This nation is undergoing an unprecedented crisis with the COVID-19 Pandemic. Congress has passed a number of historic relief packages to alleviate the financial distress from which millions of Americans are suffering.
On March 27, 2020, the CARES Act was signed into law, providing extraordinary aid to nearly all segments of the national economy. Although the relief provided by the CARES Act is indispensable to some during this difficult time, it can also complicate your dissolution of marriage action.
One massive, yet often less publicized, component of the CARES Act is the automatic forbearance on all federal student loans.
From March 13 to September 30, 2020, all federal student loans are placed in administrative forbearance, regardless of repayment status, income range, or financial circumstances. This forbearance allows student loan holders to discontinue all payments until October 1, 2020 without penalties or accruing interest. Unlike other types of financial relief offered by the CARES Act, the federal student loan forbearance applies to all individuals alike, without limitation as to income or employment status. For many Americans with heavy student loan payments, the automatic six-month deferral of payments has substantially more value than the one-time stimulus check, which was also provided by the historic CARES Act.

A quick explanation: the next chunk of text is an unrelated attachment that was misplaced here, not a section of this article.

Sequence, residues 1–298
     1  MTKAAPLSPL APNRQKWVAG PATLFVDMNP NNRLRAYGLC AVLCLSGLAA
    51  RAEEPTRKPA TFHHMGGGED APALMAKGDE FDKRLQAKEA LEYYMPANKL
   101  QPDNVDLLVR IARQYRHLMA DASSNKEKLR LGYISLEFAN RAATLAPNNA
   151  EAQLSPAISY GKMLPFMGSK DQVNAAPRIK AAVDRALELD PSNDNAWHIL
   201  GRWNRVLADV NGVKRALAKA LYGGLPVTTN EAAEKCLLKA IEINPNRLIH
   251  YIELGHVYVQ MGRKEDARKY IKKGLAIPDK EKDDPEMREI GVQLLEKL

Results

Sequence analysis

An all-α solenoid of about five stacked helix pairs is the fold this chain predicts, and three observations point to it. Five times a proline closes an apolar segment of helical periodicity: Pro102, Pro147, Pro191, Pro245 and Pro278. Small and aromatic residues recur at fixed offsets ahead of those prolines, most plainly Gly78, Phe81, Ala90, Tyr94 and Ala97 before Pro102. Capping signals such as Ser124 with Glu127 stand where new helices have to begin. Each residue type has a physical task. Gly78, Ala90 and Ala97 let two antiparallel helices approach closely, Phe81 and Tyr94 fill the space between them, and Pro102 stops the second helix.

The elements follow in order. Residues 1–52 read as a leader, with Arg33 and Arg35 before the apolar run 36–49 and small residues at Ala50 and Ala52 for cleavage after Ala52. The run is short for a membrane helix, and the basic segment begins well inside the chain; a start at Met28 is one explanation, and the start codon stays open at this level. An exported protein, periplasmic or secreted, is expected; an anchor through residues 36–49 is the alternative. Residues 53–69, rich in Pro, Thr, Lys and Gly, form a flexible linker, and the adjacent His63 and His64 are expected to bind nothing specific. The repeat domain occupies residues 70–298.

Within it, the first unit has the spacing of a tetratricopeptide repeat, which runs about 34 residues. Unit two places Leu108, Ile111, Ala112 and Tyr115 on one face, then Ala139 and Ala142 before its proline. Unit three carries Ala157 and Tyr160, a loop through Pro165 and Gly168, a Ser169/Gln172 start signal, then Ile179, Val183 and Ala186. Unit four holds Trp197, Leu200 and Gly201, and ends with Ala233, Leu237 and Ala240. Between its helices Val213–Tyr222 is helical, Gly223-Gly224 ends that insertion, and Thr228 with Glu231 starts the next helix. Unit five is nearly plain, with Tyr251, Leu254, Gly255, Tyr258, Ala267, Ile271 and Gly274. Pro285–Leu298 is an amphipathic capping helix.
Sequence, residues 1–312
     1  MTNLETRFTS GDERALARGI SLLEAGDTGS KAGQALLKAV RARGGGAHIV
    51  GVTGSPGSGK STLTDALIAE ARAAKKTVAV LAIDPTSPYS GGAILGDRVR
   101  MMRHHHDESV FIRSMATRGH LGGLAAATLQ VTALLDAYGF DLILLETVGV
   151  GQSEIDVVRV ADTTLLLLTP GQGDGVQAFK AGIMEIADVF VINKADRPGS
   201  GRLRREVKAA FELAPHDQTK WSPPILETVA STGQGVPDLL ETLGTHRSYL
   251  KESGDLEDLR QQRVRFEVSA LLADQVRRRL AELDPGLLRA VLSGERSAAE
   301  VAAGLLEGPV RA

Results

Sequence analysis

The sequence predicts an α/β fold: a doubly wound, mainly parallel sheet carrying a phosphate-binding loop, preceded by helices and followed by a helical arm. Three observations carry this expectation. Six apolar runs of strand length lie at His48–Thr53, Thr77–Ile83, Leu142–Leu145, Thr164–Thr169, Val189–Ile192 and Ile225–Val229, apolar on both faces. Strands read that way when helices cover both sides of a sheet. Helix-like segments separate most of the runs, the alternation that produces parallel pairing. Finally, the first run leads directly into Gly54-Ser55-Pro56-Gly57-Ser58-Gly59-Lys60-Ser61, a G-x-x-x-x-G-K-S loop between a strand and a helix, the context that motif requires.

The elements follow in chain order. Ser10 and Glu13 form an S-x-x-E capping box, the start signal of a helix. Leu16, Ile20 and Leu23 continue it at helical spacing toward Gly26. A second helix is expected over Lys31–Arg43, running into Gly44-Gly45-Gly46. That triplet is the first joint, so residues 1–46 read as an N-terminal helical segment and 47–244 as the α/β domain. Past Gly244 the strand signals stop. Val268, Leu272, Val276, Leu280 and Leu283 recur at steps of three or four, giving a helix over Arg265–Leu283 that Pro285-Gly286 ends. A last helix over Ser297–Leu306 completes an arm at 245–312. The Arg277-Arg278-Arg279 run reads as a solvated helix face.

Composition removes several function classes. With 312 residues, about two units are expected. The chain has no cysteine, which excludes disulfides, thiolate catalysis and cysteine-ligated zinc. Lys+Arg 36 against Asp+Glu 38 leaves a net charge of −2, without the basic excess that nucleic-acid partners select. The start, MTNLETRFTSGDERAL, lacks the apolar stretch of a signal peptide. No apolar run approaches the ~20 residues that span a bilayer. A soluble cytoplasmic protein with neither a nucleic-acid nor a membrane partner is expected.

However, despite the much-needed relief provided by the federal student loan forbearance, there may be important implications in a dissolution of marriage action. In all divorce cases, there is an Automatic Temporary Injunction that applies to both parties upon the filing and service of a Petition of Dissolution of Marriage. Among other provisions, the Automatic Temporary prohibits parties from making certain important financial changes. Courts generally expect parties to maintain the status quo of marital finances in order to remain compliant with the clear terms and intention of the Automatic Temporary Injunction. In determining the status quo, the Court generally looks to the regularly payment of recurring bills and monthly expenses which, for most parties with student loans, includes the monthly student loan payment.
As such, there may be significant case implications for parties who fail to make payments consistent with the status quo of the marriage. It is important to speak with your attorney prior to stopping payments on any debt or marital obligation, including those allowed by the CARES Act or other financial relief available during the covid-19 pandemic. Even in cases of extreme need, there may be options available for parties to inform the Court and seek relief from the status quo and other financial obligations.
Have questions about a potential case anywhere in Colorado? The Harris Law Firm is here to help. Contact us to speak with an attorney.